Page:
In this month’s (October 2009) issue of Opera News, Brian Kellow wonders why the current generation does not like the term “Diva”. He points to Frederica von Stade (one of my favorite Divas)as the anti-Diva. He berates the young lyric soprano who says: “I’m not a diva. That just isn’t how I see myself,” responding in parentheses in his own article: (We can discern as much from her bland reticence on stage)!
This kind of either extreme or the other approach is the very thing that makes opera a stereotype rather than the substantial art form it is! Michael Jordan flying on the basketball court requires a sense of self that is the essence of apotheosis (borrowing a thought from Dan Brown’s new novel, The Lost Symbol), or man’s transformation into god, or the female version, Diva.
Indeed when a human being hones a skill to the unfathomable level of a Michael Jordan, or a Leontyne Price, it is in essence a moment of apotheosis. In those moments we transcend our mortal coil to reach our highest spiritual heights, and with that inner force we bring a crowd of people to a state that they might not be able to reach on their own. A great athlete, a great actor, an inspiring teacher, and yes a great opera singer have magical powers that can transform a moment in time into an experience of mythical proportions that generations will speak of.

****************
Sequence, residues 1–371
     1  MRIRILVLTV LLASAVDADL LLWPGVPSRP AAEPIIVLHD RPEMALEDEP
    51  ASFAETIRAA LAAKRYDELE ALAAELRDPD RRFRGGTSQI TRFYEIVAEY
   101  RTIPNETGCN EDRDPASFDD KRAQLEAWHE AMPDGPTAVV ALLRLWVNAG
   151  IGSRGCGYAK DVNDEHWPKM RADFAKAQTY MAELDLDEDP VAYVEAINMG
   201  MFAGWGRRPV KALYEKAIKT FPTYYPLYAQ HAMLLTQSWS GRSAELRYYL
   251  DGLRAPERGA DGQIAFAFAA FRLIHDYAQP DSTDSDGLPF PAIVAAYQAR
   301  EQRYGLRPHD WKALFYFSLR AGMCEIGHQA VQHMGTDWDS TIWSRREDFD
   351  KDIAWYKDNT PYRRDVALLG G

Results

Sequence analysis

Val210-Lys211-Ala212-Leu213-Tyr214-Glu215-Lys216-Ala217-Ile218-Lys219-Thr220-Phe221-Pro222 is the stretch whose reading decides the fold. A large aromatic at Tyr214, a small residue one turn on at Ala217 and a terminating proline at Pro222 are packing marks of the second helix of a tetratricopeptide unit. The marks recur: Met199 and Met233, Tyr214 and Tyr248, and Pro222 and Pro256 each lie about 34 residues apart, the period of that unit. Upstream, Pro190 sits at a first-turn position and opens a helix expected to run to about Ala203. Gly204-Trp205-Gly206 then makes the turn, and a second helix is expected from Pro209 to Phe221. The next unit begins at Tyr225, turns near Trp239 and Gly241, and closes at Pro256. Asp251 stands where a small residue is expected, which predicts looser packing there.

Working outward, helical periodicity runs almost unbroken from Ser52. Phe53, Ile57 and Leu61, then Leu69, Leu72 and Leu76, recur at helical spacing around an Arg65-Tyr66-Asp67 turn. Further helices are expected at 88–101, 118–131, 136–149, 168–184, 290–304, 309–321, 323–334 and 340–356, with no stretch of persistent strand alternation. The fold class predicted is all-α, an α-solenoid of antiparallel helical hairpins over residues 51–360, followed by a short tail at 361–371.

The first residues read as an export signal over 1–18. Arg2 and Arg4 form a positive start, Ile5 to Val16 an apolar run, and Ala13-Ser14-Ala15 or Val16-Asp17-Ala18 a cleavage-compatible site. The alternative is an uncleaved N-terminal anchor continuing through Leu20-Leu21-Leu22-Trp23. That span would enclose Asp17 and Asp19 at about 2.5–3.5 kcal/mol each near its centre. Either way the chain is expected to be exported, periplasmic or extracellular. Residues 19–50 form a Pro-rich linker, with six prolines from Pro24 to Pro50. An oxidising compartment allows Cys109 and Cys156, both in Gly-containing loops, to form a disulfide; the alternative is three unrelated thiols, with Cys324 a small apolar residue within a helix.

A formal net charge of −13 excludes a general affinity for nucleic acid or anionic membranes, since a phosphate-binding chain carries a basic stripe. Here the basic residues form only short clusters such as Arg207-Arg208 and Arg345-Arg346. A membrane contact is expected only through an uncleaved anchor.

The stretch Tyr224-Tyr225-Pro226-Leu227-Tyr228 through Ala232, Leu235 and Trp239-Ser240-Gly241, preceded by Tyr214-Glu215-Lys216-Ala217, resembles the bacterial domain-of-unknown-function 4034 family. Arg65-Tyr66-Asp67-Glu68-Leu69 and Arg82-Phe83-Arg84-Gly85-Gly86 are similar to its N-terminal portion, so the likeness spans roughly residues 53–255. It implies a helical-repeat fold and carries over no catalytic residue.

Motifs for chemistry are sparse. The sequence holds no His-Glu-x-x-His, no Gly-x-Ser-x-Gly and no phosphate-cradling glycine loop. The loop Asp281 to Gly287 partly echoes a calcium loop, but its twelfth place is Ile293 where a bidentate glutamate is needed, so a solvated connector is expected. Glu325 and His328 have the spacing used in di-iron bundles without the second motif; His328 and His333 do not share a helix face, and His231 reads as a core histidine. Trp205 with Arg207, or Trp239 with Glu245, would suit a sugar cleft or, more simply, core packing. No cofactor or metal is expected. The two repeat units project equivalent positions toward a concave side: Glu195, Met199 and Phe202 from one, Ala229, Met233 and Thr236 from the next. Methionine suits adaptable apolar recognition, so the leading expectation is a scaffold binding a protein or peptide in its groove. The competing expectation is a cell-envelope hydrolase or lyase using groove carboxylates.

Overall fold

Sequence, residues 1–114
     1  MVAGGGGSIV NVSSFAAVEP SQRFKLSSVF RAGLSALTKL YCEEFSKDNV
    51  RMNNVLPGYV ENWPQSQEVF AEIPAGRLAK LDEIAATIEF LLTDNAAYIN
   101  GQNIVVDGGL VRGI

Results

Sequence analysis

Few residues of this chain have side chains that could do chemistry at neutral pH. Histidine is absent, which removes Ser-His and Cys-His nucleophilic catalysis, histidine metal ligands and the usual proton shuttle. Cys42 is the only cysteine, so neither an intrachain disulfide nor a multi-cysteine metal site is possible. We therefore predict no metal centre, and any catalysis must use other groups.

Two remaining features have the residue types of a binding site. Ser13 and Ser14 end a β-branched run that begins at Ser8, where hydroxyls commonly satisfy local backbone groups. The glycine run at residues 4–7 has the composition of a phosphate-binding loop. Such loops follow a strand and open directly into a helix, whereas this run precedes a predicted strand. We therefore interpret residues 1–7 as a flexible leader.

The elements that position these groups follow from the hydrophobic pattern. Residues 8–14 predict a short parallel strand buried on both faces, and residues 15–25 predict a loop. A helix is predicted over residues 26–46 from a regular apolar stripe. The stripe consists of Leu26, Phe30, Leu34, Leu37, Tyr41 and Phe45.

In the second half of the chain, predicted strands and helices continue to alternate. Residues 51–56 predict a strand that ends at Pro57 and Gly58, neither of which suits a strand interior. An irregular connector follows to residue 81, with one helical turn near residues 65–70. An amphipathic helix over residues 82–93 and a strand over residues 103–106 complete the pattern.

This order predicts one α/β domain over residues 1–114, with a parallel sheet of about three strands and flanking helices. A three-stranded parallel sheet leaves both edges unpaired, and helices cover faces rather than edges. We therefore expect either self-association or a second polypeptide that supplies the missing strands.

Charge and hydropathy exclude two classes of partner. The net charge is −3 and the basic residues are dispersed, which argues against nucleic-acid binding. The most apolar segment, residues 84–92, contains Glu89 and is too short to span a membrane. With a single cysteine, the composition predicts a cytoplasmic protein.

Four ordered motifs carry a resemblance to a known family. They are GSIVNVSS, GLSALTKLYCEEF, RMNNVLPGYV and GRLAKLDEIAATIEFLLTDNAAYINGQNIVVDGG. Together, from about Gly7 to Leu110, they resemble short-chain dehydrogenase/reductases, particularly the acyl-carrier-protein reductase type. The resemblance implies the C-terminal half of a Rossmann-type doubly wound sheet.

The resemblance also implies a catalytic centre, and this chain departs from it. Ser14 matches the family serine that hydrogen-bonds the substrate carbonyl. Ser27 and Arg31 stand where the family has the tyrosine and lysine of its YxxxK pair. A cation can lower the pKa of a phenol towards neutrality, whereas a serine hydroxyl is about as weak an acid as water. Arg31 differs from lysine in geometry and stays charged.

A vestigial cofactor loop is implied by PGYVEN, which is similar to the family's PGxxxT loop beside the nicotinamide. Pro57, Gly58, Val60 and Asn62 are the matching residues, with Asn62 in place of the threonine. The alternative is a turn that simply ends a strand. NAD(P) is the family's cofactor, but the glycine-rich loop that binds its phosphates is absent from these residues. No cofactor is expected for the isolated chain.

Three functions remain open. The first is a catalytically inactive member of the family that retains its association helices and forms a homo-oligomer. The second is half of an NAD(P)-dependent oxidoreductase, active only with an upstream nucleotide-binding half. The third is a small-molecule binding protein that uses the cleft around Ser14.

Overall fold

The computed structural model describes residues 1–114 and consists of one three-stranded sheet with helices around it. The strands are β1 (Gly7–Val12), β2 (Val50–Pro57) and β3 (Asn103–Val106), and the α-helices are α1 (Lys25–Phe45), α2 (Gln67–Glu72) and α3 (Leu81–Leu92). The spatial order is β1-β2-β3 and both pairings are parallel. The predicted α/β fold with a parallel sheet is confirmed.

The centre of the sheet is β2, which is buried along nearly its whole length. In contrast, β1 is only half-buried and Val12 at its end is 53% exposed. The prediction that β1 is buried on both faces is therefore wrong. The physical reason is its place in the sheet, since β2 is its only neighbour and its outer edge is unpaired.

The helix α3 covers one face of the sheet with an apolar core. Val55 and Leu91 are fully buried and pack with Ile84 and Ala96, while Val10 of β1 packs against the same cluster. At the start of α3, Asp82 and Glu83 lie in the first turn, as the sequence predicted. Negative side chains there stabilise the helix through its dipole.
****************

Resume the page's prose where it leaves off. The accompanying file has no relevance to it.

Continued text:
In one sense, Mr. Kellow is correct. An opera singer needs to know how to get to that altered state of consciousness that is necessary for the performance of magic. But there is a difference between Frank Sinatra and Michael Jackson, indeed between my former teacher George Shirley and Kathleen Battle or Jessye Norman, or Maria Callas or Angela Ghirghiu or even Renee Fleming.
I am taking a big risk criticizing some of the most beloved artists on the operatic stage, but assuredly not out of irreverence. Quite the opposite.
First, what is the image we have of Sinatra? This is a man who with a golden voice, fine tuned to near perfection, a sense of the weight of words so refined and a human compassion so centered that he is able to transport large crowds of people to a higher plane.
What is the image of Michael Jackson? A singer/dancer/performer with an energy so immense, a sense of timing so exact and a voice of such clarity and simplicity and a human touch so delicate that he is able to transport large crowds of people to a higher plane.